Since the first Gordon Gekkos of the world picked up their 10-pound brick mobile phones more than two decades ago, there have been numerous studies into the relationship, if any, between mobile phone use and cancer. And it’s a debate that won’t disappear anytime soon thanks to the World Health Organization’s announcement that it has categorized wireless phone use as “possibly carcinogenic to humans.”
The WHO’s International Agency for Research on Cancer issued a statement earlier today saying that it had recently convened a working group of 31 scientists from 14 countries to comb through research on the topic of exposure to radiofrequency electromagnetic fields.
The results of their investigation:
The evidence was reviewed critically, and overall evaluated as being limited among users of wireless telephones for glioma and acoustic neuroma, and inadequate to draw conclusions for other types of cancers. The evidence from the occupational and environmental exposures mentioned above was similarly judged inadequate. The Working Group did not quantitate the risk; however, one study of past cell phone use (up to the year 2004), showed a 40% increased risk for gliomas in the highest category of heavy users (reported average: 30 minutes per day over a 10-year period).
But before you go looking for a lead-lined iPhone case, the IARC findings classified the level of risk as:
[One] for which there is limited evidence of carcinogenicity in humans and less than sufficient evidence of carcinogenicity in experimental animals. It may also be used when there is inadequate evidence of carcinogenicity in humans but there is sufficient evidence of carcinogenicity in experimental animals. In some instances, an agent for which there is inadequate evidence of carcinogenicity in humans and less than sufficient evidence of carcinogenicity in experimental animals together with supporting evidence from mechanistic and other relevant data may be placed in this group. An agent may be classified in this category solely on the basis of strong evidence from mechanistic and other relevant data.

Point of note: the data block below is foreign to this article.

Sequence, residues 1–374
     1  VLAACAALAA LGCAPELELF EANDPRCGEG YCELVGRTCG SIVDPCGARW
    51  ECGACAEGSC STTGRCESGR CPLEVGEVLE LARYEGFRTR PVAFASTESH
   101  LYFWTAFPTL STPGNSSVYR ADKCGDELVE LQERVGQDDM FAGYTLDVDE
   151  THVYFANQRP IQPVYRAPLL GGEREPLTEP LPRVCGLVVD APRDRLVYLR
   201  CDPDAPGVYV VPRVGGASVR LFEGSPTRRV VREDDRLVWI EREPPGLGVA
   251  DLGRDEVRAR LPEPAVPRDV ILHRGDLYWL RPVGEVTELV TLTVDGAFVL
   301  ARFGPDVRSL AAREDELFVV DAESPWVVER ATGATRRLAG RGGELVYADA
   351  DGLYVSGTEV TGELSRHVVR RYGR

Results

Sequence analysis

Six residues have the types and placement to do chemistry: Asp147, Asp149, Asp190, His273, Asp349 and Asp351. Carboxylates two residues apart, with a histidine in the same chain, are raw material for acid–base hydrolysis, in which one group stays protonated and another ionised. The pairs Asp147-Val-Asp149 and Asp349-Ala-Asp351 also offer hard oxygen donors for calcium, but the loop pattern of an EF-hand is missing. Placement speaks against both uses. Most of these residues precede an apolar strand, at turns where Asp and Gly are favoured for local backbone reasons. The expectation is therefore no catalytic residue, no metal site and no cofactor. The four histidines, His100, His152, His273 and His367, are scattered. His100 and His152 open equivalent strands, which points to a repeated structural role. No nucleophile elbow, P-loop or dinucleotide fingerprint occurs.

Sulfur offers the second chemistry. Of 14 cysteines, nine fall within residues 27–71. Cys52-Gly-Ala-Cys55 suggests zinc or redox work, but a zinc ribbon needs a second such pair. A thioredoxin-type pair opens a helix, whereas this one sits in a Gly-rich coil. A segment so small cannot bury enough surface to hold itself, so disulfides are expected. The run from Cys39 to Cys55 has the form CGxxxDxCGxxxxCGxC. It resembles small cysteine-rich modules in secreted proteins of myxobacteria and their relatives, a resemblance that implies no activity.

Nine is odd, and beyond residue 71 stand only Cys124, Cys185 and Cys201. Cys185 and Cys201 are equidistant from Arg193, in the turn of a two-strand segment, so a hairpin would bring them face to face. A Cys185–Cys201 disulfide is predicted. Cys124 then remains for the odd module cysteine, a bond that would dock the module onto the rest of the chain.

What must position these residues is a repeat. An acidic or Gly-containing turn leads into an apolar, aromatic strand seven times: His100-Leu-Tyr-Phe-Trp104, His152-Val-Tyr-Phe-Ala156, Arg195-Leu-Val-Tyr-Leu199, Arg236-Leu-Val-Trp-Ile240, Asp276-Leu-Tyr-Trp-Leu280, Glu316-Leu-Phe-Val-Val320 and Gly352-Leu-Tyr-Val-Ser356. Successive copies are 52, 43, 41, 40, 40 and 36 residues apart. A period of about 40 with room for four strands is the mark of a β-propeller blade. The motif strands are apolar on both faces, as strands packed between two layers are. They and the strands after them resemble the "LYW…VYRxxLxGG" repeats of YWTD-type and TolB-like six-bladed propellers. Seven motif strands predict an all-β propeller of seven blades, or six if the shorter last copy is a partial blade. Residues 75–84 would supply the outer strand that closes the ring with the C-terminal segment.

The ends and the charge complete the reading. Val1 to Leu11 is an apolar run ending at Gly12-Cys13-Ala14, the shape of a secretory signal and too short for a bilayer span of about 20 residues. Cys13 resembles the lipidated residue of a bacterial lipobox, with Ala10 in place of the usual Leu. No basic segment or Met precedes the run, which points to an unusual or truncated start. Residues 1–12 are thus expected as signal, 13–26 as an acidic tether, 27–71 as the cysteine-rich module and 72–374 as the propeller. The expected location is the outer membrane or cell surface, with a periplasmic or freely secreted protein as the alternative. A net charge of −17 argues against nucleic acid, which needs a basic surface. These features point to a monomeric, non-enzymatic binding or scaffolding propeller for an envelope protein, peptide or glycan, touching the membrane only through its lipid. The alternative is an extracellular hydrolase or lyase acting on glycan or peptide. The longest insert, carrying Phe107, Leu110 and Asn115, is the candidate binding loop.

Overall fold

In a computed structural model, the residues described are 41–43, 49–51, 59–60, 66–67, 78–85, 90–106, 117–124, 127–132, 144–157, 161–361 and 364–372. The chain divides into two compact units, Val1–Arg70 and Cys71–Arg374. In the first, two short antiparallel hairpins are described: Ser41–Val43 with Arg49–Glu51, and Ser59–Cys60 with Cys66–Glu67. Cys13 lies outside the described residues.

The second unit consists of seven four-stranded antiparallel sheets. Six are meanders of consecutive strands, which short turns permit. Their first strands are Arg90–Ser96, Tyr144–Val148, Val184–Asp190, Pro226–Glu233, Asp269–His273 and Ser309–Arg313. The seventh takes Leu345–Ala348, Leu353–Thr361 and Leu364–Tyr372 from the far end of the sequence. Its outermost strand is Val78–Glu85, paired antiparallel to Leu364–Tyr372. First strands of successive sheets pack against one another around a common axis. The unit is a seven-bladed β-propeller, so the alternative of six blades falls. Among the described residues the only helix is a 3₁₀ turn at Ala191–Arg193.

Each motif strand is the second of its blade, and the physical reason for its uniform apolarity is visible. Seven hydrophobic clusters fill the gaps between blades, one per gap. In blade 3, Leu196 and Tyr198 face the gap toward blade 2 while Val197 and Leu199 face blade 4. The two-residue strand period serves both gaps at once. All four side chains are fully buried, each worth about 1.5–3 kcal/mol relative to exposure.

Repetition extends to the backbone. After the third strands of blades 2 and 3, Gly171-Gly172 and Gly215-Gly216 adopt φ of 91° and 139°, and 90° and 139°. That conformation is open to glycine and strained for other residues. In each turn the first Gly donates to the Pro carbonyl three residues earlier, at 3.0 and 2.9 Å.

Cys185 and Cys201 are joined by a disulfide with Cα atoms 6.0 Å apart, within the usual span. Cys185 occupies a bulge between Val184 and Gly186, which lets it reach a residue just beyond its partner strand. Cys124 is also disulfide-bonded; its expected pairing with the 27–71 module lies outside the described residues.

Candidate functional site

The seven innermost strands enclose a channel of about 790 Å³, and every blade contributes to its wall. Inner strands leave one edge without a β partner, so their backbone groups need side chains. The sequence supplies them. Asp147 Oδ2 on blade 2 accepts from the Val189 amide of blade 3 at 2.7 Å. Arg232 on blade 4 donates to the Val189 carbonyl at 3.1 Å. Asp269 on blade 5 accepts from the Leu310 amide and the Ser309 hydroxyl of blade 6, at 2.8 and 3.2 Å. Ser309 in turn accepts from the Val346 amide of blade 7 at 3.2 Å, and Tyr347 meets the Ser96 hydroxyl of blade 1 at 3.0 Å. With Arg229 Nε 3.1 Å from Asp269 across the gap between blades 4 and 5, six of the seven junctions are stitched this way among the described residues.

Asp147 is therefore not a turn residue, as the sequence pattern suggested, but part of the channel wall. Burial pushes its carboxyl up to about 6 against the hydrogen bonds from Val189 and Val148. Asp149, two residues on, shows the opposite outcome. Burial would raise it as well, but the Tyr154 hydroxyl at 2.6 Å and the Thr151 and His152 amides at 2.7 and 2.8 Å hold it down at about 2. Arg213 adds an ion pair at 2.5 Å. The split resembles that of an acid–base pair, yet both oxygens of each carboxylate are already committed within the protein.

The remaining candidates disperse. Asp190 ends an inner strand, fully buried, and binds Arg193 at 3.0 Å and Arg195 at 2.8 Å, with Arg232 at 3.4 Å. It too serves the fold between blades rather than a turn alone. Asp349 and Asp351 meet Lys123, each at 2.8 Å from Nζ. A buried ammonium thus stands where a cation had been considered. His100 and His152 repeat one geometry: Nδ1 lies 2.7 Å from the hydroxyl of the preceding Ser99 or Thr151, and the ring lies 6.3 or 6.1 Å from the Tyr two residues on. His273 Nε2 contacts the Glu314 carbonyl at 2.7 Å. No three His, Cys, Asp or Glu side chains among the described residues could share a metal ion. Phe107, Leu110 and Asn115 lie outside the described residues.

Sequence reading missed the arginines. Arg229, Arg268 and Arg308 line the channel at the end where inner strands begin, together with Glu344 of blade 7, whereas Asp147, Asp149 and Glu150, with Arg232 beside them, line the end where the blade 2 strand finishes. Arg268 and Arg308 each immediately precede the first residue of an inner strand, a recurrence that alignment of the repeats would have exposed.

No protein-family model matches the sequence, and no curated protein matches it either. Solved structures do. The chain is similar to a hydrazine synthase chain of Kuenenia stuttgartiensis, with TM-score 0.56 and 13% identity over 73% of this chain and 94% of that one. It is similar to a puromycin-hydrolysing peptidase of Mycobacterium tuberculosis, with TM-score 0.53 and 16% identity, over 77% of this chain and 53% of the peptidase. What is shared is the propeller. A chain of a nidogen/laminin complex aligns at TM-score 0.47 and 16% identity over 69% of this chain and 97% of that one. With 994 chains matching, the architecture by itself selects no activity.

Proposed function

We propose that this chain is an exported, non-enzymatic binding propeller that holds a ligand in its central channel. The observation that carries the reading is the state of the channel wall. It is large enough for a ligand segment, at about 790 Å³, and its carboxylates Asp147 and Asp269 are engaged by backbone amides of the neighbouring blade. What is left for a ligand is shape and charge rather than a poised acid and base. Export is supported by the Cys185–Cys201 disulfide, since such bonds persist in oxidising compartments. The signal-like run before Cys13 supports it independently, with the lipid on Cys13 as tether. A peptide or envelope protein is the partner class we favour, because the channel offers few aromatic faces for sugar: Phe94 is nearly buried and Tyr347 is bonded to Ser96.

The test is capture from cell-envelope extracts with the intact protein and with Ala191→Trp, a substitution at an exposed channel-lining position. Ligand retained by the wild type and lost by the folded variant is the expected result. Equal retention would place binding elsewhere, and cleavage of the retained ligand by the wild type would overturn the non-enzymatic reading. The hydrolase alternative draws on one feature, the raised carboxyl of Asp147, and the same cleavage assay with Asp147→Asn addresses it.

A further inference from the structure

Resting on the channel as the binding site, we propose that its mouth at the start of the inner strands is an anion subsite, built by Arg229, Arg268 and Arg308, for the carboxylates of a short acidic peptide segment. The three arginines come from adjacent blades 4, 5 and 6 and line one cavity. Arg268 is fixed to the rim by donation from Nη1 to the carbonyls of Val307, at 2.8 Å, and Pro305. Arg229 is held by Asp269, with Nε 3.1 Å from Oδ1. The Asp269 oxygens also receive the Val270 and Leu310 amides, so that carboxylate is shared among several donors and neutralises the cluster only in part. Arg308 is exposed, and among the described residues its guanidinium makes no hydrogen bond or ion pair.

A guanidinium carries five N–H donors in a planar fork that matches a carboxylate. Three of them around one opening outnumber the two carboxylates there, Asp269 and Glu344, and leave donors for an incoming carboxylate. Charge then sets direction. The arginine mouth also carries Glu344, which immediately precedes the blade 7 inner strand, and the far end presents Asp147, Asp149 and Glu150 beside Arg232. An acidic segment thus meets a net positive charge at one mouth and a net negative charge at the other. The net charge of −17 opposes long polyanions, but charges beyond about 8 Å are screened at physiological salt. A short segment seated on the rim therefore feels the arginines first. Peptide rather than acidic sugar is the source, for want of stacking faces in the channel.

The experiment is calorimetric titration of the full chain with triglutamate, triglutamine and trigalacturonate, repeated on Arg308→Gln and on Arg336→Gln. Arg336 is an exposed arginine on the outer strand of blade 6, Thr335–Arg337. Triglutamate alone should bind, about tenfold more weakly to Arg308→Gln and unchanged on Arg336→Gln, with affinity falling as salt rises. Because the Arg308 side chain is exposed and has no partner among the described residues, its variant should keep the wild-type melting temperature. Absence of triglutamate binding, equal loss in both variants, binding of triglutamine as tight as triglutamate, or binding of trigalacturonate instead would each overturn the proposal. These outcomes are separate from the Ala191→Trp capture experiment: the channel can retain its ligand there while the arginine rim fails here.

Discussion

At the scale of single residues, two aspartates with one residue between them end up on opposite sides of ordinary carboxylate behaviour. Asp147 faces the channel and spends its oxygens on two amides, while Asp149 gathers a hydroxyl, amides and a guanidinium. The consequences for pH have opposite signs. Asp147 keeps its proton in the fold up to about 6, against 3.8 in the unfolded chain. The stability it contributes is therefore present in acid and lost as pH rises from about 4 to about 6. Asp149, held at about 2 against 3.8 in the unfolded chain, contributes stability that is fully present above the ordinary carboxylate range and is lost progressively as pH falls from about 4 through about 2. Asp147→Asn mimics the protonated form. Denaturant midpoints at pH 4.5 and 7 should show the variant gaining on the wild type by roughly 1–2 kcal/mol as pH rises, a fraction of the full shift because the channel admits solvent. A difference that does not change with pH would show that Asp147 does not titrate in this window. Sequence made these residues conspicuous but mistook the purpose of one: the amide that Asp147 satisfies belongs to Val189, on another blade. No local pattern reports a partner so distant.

From the IARC director:
Given the potential consequences for public health of this classification and findings, it is important that additional research be conducted into the long-term, heavy use of mobile phones. Pending the availability of such information, it is important to take pragmatic measures to reduce exposure such as hands-free devices or texting.
See the entire PDF here.